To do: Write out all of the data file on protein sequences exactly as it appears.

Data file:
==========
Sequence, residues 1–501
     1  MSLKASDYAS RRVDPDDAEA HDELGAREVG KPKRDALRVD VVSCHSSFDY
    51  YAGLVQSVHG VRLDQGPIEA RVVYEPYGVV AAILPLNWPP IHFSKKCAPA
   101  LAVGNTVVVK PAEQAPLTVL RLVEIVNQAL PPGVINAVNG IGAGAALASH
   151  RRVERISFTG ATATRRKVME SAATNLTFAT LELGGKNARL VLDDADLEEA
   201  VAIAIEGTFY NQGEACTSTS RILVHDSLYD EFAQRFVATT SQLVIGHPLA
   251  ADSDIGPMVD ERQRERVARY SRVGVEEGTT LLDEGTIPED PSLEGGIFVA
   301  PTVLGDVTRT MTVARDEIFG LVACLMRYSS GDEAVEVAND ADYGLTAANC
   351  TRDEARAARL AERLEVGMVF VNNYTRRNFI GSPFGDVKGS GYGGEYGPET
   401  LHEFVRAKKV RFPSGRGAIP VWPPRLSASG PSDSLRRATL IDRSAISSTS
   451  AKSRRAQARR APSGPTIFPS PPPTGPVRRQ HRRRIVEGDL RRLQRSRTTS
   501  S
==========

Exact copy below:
Sequence, residues 1–501
     1  MSLKASDYAS RRVDPDDAEA HDELGAREVG KPKRDALRVD VVSCHSSFDY
    51  YAGLVQSVHG VRLDQGPIEA RVVYEPYGVV AAILPLNWPP IHFSKKCAPA
   101  LAVGNTVVVK PAEQAPLTVL RLVEIVNQAL PPGVINAVNG IGAGAALASH
   151  RRVERISFTG ATATRRKVME SAATNLTFAT LELGGKNARL VLDDADLEEA
   201  VAIAIEGTFY NQGEACTSTS RILVHDSLYD EFAQRFVATT SQLVIGHPLA
   251  ADSDIGPMVD ERQRERVARY SRVGVEEGTT LLDEGTIPED PSLEGGIFVA
   301  PTVLGDVTRT MTVARDEIFG LVACLMRYSS GDEAVEVAND ADYGLTAANC
   351  TRDEARAARL AERLEVGMVF VNNYTRRNFI GSPFGDVKGS GYGGEYGPET
   401  LHEFVRAKKV RFPSGRGAIP VWPPRLSASG PSDSLRRATL IDRSAISSTS
   451  AKSRRAQARR APSGPTIFPS PPPTGPVRRQ HRRRIVEGDL RRLQRSRTTS
   501  S